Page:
230321-Book Report

This is the second time I read “Travels With Charley” by John Steinbeck, and I enjoyed it more this time than I did the first. One of my goals for 2023 is to re-read books that have made a lasting impression on me. This is the second book I have re-read, and both of them are by John Steinbeck. He is one of my favorite authors, another favorite author is James Michener.

Travels with Charley is an amusing story of a trip taken by the author to see America. He took his giant poodle Charley as a companion in a special new pick up equipped with a self designed camper. The route begins in Long Island New York, and encircles the United States. Steinbeck’s observations of the country are simple and factual. His conversations with Charley are often amusing. One vignette in particular is about the time he is warned by a National Park Ranger to keep Charley on a leash at all times while in the park because the bears may not get along with him. Steinbeck explains to the ranger that his dog is well mannered, and does not become aggressive with other dogs, cats or wild life. Steinbeck proceeds into the park and comes across some bears. Charley goes ballistic and vicious, snarling, barking and wanting to get a piece of bear. It was a complete surprise to the owner who felt obligated to return to the ranger to apologize.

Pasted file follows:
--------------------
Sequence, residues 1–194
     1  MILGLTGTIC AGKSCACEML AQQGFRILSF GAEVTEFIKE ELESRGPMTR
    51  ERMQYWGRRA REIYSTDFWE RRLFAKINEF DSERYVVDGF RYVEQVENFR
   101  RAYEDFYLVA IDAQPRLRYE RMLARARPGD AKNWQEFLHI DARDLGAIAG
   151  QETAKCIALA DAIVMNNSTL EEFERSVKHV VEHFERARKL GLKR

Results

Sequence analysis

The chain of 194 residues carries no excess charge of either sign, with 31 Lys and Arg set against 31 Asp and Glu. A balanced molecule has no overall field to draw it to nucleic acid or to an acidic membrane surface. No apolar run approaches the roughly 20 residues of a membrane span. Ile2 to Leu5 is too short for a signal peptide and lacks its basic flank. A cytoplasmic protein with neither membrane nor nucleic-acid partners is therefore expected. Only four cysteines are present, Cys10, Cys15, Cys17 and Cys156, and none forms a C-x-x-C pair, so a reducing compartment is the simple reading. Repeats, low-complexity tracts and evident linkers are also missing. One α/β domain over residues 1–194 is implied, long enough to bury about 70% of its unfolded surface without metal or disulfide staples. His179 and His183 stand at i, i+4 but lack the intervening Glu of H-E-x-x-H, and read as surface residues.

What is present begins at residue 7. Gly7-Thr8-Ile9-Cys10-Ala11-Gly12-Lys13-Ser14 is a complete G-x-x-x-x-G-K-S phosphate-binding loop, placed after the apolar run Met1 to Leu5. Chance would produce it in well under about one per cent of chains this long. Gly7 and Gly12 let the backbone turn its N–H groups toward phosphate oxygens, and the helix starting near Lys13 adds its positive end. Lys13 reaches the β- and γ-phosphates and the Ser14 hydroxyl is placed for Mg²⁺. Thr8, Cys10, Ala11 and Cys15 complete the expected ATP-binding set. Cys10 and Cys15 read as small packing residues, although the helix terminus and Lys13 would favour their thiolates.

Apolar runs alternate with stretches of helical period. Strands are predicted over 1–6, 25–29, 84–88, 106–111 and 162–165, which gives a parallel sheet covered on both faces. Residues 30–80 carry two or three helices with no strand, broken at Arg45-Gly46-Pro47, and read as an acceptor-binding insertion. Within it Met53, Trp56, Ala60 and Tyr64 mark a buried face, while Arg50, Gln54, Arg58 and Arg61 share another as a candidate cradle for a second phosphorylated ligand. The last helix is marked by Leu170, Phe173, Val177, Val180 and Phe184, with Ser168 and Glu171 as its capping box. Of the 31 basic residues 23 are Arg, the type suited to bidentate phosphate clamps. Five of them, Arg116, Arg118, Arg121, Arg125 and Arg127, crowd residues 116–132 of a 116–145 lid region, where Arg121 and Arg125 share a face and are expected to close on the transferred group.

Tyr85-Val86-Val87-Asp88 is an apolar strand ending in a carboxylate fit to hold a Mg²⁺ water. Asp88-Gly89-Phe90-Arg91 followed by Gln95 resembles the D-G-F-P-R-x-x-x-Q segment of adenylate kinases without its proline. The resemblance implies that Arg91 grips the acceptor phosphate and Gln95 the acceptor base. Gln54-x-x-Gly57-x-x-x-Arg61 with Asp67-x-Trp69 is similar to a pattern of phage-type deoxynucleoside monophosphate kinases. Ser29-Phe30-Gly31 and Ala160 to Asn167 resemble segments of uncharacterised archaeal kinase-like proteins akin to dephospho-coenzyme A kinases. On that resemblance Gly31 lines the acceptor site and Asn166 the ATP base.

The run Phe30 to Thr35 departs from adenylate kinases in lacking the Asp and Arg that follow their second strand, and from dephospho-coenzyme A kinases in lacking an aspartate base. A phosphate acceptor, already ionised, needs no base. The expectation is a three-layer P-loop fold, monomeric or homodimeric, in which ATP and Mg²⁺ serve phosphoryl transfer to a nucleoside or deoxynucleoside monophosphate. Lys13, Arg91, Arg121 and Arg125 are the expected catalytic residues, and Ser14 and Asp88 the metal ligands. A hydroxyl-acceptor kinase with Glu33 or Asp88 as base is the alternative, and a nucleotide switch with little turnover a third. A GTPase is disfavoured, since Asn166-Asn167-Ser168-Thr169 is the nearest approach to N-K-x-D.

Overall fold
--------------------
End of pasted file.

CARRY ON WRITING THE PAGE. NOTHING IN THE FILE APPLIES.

I can’t remember when it was in relation to my first reading, but I took an almost identical journey around the country with my family. I felt the places he writes about because I was there. America is a huge country when traveled by car, it is even larger when traversed by bicycle. Doing it by bicycle was on my bucket list but I never made it happen. My oldest son, however, did very early in his life.

My current wish is to travel across country once more in my limited lifetime to visit the redwood forests of California. They are by far the most magnificent living things on our planet. Steinbeck explains how he anxiously awaited to see Charley, who was a committed tree marker, react to a tree as big as a two car garage. When the time came for the dog to mark the redwood he balked, he wasn’t impressed. So his master took out a pocket knife and cut a sapling Sycamore about four feet high and stabbed it into the ground next to a redwood. Charley marked it with pride.